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33 The complete transformation from t he Ladars coordinate system to the global coordinate system given in Equation 210, is then a function of the variables roll, pitch, yaw, vehicle easting, 1 2 as well as the fixed parameters which consist of the location of the Ladar in the tilting modules coordinate system and the location of the pan/tilt base in the vehicles coordinate system. V L G V G LT T T (2 10) 3D Bresenham Line Function Since the voxel structure allows for values which can indicate both occupancy or free space (i.e. zero occupancy), the entire Ladar beam can be used to add information about the environment to the voxel data. At each angular step as the Ladar beam rotates, it measures and reports the distance to the nearest object that is able to reflect the beam. This implies that the voxel in which the beams reflection point lies is likely occupied. By the nat ure of the sensor, this also implies that the space along the beams length is free of obstacles. This implicit beam information can be used to update the voxels which lie along the beam to have an occupancy value that indicates a known free space conditi on. In order to perform this free space update, the set of all voxels through which the line segment passes must be determined. This is essentially Bresenhams line function extended to three dimensions with the additional freedom that the end points can be rational coordinates instead of integer coordinates within the grid. The application of Bresenhams line function is illustrated in Figure 26 below where the blue dotted line is the input and the darkened cells are the cells through which the line s egment passes.

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34 Figure 26 Bresenhams line function is used to determine all the cells through which a line segment passes in two dimensions. The three dimensional extension of this function is required for tracing the Ladar ray through each voxel thr ough which it passes. Also, as stated above, the end points of the beam will not usually be located in the center of a voxel, so the algorithm needs to be general enough to account for this. The voxel grid is essentially formed by layers of mutually perpendicular planes. Realizing that a beam passing through a voxel will always enter through a single face and exit through a single face, the process becomes a matter of simply calculating all the points through which the beam intersects these dividing planes. Figure 27 illustrates how the beams intersection with each of these planes marks the entrance into a voxel along this line segment. By taking all of the voxels found at the intersection points of each of the x, y, and z, planes, we then have the com plete set of all voxel s through which the beam passes so that the occupancy values ot those voxels can be decreased.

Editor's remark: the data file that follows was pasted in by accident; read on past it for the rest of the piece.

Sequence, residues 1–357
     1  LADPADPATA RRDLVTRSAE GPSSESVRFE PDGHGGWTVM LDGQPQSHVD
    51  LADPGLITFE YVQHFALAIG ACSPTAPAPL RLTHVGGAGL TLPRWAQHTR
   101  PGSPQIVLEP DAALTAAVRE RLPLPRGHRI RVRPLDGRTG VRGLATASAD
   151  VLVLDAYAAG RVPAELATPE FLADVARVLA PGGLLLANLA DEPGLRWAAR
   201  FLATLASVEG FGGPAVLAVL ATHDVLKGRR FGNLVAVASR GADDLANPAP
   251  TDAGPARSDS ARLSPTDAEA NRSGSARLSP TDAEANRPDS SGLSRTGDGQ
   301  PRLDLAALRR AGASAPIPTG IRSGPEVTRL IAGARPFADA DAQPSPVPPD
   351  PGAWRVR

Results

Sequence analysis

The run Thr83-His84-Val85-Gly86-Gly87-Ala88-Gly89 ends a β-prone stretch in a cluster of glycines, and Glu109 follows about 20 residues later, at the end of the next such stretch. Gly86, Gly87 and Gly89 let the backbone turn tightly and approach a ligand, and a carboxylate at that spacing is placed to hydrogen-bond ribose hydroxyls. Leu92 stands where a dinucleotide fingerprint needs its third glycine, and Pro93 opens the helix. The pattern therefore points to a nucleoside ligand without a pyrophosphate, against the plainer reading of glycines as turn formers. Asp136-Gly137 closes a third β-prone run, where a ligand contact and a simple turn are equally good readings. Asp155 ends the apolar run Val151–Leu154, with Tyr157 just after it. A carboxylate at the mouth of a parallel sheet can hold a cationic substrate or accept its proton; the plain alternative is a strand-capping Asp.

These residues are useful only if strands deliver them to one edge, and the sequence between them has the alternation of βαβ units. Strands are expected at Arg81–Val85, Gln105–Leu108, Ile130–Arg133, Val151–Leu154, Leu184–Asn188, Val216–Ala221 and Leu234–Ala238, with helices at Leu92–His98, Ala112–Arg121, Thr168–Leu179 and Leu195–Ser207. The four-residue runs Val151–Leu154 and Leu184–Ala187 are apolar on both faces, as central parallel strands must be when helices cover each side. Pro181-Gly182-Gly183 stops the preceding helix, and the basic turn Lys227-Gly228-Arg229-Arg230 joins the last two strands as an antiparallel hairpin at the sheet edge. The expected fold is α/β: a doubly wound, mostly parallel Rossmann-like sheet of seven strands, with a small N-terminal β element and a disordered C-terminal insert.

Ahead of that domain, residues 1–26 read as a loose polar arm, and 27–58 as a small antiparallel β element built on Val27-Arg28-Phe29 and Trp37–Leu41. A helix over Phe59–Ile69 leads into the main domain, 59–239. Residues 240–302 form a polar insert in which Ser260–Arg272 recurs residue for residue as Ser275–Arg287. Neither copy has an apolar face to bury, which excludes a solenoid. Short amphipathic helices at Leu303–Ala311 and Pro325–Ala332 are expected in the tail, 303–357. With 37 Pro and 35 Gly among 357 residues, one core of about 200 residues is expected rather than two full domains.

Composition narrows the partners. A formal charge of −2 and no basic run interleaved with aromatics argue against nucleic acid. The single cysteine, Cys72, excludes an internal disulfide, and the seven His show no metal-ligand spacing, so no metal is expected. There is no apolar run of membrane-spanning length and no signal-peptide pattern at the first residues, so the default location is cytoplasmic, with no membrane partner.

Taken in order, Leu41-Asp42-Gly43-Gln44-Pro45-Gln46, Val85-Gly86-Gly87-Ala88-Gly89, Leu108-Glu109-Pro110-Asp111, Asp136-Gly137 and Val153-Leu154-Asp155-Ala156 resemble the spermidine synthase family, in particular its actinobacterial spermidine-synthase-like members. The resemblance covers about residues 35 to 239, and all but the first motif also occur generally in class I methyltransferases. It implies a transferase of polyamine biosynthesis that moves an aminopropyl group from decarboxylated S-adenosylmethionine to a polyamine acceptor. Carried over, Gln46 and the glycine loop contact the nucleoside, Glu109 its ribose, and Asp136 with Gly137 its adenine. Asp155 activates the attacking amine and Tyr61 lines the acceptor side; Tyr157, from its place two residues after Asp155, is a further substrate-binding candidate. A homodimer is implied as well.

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35 A B C D Figure 27 R ay tracing through voxels performed by finding the intersection points with planes. A) intersections at each of the z planes B) each of the y plans C) and each of the x planes D) T he sum of these voxels form the complete set through which the line segment passes Voxel Occupancy Scheme The voxel occupancy scheme defines how voxel occupancy is determined based on the sensor data and how this information is stored. Several approaches were tried. The first approach involves simply increment ing the occupancy value of the voxel when a Ladar beam terminates in that voxel, and decrementing the occupancy value w hen a beam passes through that voxel, with a minimum of zero and some maximum value set This is a simple scheme, but does not take into account a confidence value and the meaning of the occupancy value does not have any probabilistic meaning.